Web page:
“Trump has ‘quote unquote’ repudiated these groups, but only in the most milquetoast way imaginable,” Potok said in an interview. “The fact is that white nationalists are mobilizing for Trump whether he likes it or not.”
Like Johnson, Duke framed the GOP primary as a contest between Trump and two people of color, Sens. Marco Rubio (Fla.) and Ted Cruz (Texas). “Voting for these people, voting against Donald Trump at this point is really treason to your heritage,” Duke said Wednesday. And while he doesn’t agree with everything Trump says, he told listeners, “I do support his candidacy, and I support voting for him as a strategic action. I hope he does everything we hope he will do.”
Potok said Duke’s backing carries a lot of weight in white supremacist circles. “David Duke is the most important self described white nationalist intellectual out there today, and what he says is still very influential.”
The Huffington Post reached out to Trump’s campaign for a response to the David Duke comments, and will update this post if they provide one.
On white nationalist websites, analysts are portraying Trump’s candidacy as a rebellion by white supremacists against the mainstream conservative movement. As a writer calling himself Gregory Hood recently wrote in the national Raddix Journal, “the conservative movement is trying to keep its White serfs trapped on the conservative planation. They know if Trumpian nationalism triumphs, a more authentic form of White Identity politics can’t be far behind.”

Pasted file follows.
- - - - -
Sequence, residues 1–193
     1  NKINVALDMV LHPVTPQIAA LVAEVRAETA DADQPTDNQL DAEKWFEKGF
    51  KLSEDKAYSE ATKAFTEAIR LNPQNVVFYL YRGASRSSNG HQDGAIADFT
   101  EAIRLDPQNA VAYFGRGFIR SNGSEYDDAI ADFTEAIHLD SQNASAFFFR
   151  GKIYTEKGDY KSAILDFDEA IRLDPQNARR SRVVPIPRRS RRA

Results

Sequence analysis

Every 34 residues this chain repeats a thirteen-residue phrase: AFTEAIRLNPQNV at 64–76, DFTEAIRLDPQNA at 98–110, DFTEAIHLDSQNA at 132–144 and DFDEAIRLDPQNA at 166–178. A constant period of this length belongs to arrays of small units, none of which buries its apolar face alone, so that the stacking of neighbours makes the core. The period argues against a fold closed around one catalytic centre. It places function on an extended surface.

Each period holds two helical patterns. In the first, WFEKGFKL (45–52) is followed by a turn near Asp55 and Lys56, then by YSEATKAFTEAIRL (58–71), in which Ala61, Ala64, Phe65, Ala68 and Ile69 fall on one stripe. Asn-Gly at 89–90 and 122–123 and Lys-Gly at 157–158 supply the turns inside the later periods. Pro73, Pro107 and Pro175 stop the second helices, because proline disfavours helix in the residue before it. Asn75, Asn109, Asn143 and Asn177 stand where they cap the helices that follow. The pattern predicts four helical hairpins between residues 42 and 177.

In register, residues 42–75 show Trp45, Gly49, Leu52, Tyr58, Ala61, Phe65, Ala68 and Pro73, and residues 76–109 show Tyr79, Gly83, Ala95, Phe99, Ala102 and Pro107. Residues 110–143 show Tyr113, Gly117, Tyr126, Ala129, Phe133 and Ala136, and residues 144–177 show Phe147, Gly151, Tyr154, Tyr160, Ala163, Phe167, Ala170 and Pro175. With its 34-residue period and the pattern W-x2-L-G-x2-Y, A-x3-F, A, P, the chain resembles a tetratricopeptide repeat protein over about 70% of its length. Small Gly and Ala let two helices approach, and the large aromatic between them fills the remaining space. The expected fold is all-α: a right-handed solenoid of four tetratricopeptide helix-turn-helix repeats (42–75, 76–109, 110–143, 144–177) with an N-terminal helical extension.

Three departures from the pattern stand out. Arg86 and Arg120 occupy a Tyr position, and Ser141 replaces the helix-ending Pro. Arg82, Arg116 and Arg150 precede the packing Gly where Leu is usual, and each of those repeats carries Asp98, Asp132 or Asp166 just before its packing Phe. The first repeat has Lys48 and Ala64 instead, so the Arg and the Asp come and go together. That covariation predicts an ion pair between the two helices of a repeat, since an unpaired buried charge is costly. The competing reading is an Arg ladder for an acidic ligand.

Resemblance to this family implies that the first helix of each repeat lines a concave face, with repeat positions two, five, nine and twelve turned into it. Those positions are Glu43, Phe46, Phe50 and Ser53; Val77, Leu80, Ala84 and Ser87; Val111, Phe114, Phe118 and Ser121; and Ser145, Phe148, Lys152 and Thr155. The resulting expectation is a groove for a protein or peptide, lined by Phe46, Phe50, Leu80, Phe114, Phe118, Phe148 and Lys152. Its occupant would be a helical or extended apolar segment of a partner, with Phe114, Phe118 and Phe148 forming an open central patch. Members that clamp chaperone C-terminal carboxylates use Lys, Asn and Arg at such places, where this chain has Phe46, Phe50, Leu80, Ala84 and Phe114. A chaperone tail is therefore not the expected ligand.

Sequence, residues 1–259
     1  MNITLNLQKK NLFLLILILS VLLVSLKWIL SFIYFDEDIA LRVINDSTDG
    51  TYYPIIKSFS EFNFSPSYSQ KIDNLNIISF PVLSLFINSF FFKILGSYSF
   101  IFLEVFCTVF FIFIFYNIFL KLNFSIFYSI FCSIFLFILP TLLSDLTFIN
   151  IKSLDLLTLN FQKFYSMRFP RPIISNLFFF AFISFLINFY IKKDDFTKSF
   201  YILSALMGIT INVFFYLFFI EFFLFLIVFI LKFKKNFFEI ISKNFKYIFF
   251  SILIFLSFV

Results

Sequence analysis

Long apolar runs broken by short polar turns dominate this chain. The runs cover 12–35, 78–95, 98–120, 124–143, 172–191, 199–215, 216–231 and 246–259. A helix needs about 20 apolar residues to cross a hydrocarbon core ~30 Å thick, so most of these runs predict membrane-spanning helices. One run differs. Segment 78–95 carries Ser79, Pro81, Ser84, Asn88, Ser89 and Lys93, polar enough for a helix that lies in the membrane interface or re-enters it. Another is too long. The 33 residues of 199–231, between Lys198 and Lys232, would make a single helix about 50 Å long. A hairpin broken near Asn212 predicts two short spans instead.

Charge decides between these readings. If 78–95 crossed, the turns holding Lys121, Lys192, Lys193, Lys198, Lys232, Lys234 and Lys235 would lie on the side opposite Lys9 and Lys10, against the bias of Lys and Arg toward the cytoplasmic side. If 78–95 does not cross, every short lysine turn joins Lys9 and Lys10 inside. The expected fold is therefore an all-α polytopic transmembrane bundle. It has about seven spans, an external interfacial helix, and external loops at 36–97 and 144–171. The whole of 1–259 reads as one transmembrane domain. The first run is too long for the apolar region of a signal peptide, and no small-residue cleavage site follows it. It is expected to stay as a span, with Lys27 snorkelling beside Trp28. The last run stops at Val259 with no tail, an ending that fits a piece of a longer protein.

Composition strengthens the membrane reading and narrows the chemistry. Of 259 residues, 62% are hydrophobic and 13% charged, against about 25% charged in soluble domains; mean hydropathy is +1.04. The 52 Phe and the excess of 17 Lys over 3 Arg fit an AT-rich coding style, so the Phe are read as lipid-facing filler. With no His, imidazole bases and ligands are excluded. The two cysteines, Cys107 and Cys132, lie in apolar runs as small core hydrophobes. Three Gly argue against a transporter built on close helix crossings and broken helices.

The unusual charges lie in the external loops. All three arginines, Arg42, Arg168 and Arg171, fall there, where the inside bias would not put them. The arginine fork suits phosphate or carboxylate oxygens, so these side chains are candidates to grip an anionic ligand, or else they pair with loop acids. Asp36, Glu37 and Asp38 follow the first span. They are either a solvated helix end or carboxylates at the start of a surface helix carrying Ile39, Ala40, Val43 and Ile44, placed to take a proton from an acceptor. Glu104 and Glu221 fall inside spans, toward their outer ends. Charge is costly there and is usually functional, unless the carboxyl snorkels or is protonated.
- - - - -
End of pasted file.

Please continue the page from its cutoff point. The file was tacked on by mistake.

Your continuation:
This isn’t the first time white supremacists have seized on Trump’s candidacy. In December, Rachel Pendergraft, the national organizer for the Knights Party, a Ku Klux Klan affiliate, said Trump’s bid for the White House had opened up new ways for her group to recruit like-minded people.
“One of the things that our organization really stresses with our membership is we want them to educate themselves on issues, but we also want them to be able to learn how to open up a conversation with other people,” Pendergraft told The Washington Post. Trump, she said, was a perfect conversation starter for people to begin talking about issues like immigration and demographic changes underway in America.